Sunday, June 11, 2006
Rue St. Denis, the Paris of Monmartre
It seems like every city likes to describe itself as the Paris of someplace, Havana is the Paris of the Caribbean. Buenos Aires is the Paris of South America. Shanghai is the Paris of Asia. Now I find myself in Irkutsk, the so-called Paris of Siberia. That may sound like exaggerating, or damning with faint praise, or both, but in fact, there’s something to that. Irkutsk is sort of like the city that Socialism forgot. It has a minimum of depressing Soviet-era cinderblock apartment towers. What it does have is a lot of European style stone buildings. It really does look a little like Paris, or at least a European city in general.
Irkutsk also has a lot of cute wooden cabins. These are a throwback to the city’s early days as the wild east of Russia, when it was a place exiled political prisoners got to live after they were done with their sentences of forced labor in the mines, Wood was the one thing Siberia had a lot of (well, that and mosquitoes, but they’re not a cost-effective building material), so most residences were made of wood. Some of the old ones are pretty dilapidated by now, but it does give the city a sort of pioneer feeling. One minute you think you’re in an administrative arrondissement of Paris, and the next you think you’re in Juneau, Alaska.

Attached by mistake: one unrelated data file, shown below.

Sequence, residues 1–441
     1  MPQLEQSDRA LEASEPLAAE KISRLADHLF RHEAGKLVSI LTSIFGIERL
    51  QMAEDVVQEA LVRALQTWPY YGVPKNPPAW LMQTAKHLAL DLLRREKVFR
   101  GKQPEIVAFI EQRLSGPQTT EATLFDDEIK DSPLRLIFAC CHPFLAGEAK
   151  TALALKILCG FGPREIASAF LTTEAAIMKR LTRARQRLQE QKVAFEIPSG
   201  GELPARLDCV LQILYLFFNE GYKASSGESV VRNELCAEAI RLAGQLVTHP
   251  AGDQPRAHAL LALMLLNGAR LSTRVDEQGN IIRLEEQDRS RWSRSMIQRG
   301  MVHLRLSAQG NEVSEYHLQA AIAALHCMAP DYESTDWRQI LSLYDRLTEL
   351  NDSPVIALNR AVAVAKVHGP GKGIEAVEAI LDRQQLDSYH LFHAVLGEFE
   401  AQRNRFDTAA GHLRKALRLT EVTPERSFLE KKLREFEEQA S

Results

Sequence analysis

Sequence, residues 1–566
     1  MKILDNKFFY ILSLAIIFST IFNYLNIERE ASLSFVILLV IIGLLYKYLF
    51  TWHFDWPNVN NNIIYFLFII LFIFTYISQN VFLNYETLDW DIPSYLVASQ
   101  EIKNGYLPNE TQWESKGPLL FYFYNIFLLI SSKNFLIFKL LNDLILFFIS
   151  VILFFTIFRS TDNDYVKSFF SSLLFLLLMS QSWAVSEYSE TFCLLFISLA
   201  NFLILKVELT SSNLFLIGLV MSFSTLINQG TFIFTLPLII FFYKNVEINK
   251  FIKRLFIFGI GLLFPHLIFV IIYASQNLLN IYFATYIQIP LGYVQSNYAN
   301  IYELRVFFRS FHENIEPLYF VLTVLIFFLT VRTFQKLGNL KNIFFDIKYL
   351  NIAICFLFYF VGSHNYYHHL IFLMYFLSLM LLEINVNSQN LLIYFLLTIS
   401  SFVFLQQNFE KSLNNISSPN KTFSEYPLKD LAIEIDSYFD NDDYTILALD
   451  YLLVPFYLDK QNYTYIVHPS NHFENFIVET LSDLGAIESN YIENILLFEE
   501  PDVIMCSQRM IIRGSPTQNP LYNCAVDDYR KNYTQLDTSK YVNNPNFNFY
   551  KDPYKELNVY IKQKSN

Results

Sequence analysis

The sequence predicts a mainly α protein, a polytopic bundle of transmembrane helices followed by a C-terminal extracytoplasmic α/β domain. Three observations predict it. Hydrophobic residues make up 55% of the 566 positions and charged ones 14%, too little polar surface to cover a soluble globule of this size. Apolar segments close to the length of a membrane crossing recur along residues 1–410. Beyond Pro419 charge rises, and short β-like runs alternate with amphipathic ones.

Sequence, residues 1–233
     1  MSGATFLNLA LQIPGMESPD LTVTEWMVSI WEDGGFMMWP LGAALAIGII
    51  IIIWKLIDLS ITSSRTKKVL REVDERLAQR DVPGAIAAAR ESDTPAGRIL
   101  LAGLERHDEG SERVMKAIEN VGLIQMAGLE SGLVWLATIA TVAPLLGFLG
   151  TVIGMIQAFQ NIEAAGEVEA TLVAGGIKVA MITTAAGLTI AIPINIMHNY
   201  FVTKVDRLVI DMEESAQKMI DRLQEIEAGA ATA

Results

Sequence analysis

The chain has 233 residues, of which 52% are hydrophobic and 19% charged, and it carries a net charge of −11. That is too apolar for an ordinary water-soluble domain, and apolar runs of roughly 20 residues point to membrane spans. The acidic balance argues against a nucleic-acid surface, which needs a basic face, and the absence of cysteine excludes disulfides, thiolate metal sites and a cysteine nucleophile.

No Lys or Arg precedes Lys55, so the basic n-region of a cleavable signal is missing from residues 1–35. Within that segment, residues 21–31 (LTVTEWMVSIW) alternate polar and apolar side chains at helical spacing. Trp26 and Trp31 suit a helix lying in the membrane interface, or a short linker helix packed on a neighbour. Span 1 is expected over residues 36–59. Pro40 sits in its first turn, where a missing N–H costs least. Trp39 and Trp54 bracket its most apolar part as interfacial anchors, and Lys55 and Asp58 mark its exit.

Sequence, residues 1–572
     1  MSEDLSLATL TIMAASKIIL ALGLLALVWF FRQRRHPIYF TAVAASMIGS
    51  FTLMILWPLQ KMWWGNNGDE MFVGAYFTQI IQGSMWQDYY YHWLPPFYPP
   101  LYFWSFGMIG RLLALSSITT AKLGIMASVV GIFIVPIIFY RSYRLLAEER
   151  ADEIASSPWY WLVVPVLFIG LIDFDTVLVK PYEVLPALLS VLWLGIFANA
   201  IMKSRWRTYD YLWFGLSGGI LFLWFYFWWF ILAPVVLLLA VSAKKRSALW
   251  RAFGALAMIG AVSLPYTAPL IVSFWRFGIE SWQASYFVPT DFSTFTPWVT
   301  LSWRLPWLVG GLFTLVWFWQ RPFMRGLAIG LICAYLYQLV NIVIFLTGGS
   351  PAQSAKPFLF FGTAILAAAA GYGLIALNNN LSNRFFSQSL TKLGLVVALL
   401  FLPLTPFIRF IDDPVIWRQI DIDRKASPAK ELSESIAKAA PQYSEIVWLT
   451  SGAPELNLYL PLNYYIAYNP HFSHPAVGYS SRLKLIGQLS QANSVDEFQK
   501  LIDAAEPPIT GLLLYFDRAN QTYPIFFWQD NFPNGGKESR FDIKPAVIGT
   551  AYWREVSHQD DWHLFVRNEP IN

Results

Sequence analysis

(My Lonely Planet guidebook, by the way, says that Alaska used to be known as “The American district of Irkutsk,” so it’s not a coincidence that they resemble each other.)
Truth be told, there isn’t a lot to seen in Irkutsk besides the architecture, but I’ve seen a few sights today. There is a nice church, dating from the 1700s, with those great Russian onion domes and everything. And there are museums devoted to two prominent political exile families, all rich St, Petersburg socialites who led a failed plot to overturn the czar and had to live in Siberia for (in some cases) the rest of their lives. This is such a pleasant looking city that it’s hard to imagine that being such a terrible fate, but the museum shows what it was like to go from living among social x-rays to rubbing elbows with country bumpkins, It was a little like The Beverly Hillbillies in reverse. Or maybe something like The Simple Life for Russian aristocracy,
In other news: It stopped raining. Thanks for asking!
This will be my last post for a bit, I think. Tomorrow John and I get on the train and go all the way to Moscow, which takes three nights and most of the next day. See you in a few days!